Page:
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Homeracing

Even without Firing Line, Brubaker divisions hold intrigue

Profile Picture: Kellie Reilly

August 22nd, 2016

Smart Transition photo courtesy NYRA/Coglianese Photography

Del Mar’s traditional opening day feature, the Oceanside S., wasn’t split this year, but in an historical novelty, Wednesday’s Harry F. Brubaker has proven popular enough to warrant two divisions.

Expected to headline the first division was 2015 Kentucky Derby (G1) runner-up Firing Line, until he came up with a strained muscle. Hence the Simon Callaghan trainee will miss the one-mile test.

While that obviously deprives it of its chief protagonist, the first division still offers a point of interest. Kristo, who was briefly on the 2014 Derby trail himself when placing in the Sham (G3) and San Felipe (G2), comes off a second to Bob Baffert’s well regarded Arrogate in an August 4 allowance here.

Arrogate is bound for Saturday’s Travers (G1) at Saratoga, and a top effort from Kristo in the Brubaker would lend more substance to the form. Not that this point should be pushed too far – trying to extrapolate from an allowance win against exposed older horses to the “Midsummer Derby” against the divisional elite isn’t straightforward. That said, a timely form boost for a hot prospect never hurts.

Multiple stakes veteran Soi Phet has been installed as the 2-1 morning-line favorite in the first division, carded as the 5TH race. Most recently sixth in the grassy California Dreamin’ S., the eight-year-old is happier on the dirt. Soi Phet had just missed in a pair of Cal-bred stakes prior to a clear victory in the McCann’s Mojave two back at Santa Anita.

Godolphin’s Crittenden has been highly tried, including when last behind California Chrome and Dortmund in the San Diego (G2), and this is more his level. Solid Wager, winner of the seven-furlong Cary Grant here during last fall’s Bing Crosby season, is training forwardly off a freshening for Peter Miller. Last-out allowance scorer Grazen Sky and The Gomper round out the first division.

Two races later, the second division marks the debut of the ex-Coolmore/Joseph Allen runner War Envoy for new connections, as well as the comeback of Smart Transition. With War Envoy facing a career crossroads, and Smart Transition likely using this as a starting point before stretching out, they’re understandably pegged at 12-1.

A useful juvenile for Aidan O’Brien, War Envoy placed in such notable events as the Railway (G2) and Champagne (G2), finished a close fifth in the Prix Jean-Luc Lagardere (G1) (awarded to Full Mast upon the disqualification of Gleneagles), and didn’t see much daylight when 12th as a tepid favorite in the 2014 Breeders’ Cup Juvenile Turf (G1). His lone highlight at three was defying top weight of 132 pounds in Royal Ascot’s Britannia Handicap, and he ended 2015 with another Breeders’ Cup flop, this time trailing in the Dirt Mile (G1).

War Envoy subsequently joined Wesley Ward, for whom he turned in a couple of decent efforts on the turf. But having hit his ceiling, the son of War Front was sold at the Fasig-Tipton July Horses of Racing Age Sale for $150,000 in July.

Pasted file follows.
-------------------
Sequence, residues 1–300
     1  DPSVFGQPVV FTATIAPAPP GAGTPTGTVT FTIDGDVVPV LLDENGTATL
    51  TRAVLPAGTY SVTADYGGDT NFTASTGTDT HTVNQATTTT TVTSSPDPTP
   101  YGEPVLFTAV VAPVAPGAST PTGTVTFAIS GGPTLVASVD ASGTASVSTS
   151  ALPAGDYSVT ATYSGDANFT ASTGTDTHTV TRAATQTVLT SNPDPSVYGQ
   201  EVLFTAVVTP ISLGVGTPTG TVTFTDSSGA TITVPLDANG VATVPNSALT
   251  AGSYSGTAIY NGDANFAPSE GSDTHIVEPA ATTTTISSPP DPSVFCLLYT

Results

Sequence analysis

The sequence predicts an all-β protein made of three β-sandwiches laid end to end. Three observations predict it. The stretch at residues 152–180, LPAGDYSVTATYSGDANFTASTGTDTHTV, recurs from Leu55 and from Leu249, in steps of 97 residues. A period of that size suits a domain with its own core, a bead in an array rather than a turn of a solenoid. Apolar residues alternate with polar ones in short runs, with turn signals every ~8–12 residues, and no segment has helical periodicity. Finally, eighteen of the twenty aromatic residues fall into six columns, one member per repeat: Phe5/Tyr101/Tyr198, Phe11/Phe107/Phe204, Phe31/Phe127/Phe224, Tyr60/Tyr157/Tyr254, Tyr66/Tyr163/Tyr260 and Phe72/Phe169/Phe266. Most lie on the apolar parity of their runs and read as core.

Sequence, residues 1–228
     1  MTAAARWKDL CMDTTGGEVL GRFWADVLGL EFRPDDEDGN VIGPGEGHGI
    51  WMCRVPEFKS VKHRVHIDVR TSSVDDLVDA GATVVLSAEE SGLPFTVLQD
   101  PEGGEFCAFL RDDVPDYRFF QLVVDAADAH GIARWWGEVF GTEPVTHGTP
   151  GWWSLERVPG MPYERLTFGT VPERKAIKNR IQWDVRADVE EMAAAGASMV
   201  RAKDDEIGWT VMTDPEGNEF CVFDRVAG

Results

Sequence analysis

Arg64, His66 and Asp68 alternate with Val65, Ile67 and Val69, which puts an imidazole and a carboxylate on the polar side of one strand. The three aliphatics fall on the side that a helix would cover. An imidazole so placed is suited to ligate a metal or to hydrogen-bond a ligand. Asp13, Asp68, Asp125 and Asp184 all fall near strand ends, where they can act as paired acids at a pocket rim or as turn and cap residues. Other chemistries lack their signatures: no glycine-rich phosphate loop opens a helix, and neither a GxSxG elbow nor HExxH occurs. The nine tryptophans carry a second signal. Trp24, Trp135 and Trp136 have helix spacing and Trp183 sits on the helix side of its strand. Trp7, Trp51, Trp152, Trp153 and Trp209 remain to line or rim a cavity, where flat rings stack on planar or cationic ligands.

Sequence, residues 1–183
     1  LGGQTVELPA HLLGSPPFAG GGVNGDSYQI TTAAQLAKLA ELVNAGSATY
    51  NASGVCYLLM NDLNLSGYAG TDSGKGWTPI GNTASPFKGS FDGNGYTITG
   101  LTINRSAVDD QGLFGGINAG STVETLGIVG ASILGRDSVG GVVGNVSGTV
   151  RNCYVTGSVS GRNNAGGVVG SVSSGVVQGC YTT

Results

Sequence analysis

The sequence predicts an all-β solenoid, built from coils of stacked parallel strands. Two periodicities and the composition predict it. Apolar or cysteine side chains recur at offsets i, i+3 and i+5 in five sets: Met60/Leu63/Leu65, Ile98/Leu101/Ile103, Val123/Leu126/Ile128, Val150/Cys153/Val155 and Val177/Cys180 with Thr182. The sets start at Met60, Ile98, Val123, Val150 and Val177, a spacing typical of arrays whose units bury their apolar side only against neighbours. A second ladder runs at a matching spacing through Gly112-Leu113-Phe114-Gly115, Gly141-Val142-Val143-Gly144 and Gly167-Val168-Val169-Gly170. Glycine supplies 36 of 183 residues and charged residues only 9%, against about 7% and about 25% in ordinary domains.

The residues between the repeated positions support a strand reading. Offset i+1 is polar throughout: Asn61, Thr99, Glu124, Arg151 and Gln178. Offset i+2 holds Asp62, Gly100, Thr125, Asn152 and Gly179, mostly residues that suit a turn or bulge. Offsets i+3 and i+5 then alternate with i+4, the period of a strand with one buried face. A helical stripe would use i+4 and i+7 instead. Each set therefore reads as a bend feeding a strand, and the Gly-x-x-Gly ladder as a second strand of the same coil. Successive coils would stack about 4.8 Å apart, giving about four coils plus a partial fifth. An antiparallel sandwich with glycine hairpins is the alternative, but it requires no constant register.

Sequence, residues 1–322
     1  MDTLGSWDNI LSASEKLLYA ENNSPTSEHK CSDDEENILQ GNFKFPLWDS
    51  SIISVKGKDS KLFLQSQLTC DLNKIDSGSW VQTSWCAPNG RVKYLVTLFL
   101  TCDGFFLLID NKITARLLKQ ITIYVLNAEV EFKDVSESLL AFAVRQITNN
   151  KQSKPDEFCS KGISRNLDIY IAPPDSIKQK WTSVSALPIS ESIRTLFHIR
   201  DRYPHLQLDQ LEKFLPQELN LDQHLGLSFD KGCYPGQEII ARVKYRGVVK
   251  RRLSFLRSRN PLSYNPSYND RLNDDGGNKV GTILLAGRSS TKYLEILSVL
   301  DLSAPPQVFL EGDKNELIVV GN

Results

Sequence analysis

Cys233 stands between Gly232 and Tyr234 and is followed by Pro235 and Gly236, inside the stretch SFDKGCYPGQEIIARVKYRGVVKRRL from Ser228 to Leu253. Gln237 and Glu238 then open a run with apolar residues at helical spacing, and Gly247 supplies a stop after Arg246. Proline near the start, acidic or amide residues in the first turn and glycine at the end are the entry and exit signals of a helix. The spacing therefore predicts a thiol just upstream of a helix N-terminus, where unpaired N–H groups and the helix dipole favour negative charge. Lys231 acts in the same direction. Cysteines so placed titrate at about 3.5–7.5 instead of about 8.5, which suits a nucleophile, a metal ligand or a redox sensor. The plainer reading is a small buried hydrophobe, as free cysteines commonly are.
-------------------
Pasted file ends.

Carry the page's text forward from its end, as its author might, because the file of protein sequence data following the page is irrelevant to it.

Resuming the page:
Now trained by Shelbe Ruis for her family’s stable, War Envoy will get a more realistic shot on the dirt. He has a chance of taking to the surface. Although sire War Front has tended toward turf, and his dam La Conseillante was a French stakes winner, he has dirt influences in his pedigree. His broodmare sire is the versatile Elusive Quality, his second dam is by Storm Cat, and his third dam is 1988 Kentucky Derby (G1) champion Winning Colors. War Envoy has fired a pair of bullets on the dirt, one at Keeneland for Ward and a screamer of :58 from the Del Mar gate August 6. We’ll find out for sure in racing conditions, and he adds blinkers and Martin Garcia too.

Owner Arnold Zetcher was in line for a Brubaker double before the scratch of Firing Line, but he’s still got his homebred Smart Transition to go to bat. The son of Smart Strike and Zardana (who famously upset Rachel Alexandra in the 2010 New Orleans Ladies at Fair Grounds) is trained by the ever-patient John Shirreffs. Since he’s bred to excel with maturity, whatever he achieved at three was a bonus. It’s therefore an indicator of Smart Transition’s talent that he romped in last summer’s Curlin at Saratoga, and wasn’t disgraced when fourth in the Dwyer (G3). The Travers was a bridge too far for him, though. After an arguably subpar fourth in the sloppy Discovery (G3) in November, Smart Transition was given time off. He’s now ready to return, polishing off his series of works with a sharp half in :46 4/5 over the track August 15. 

The second division has also attracted Lieutenant Colonel, third in the Californian (G2) and sixth in the Gold Cup (G1) before a turf experiment last out; Conquest Cobra, bringing a two-race winning streak into his stakes debut; Magic Mark, making his second start off a layoff; Blue Tone, winner of the 2014 Brubaker over the old Polytrack; Avanti Bello, who’s traded decisions with first division contender Soi Phet in the Cal-bred ranks; and Songforjohnmichael.

 

 

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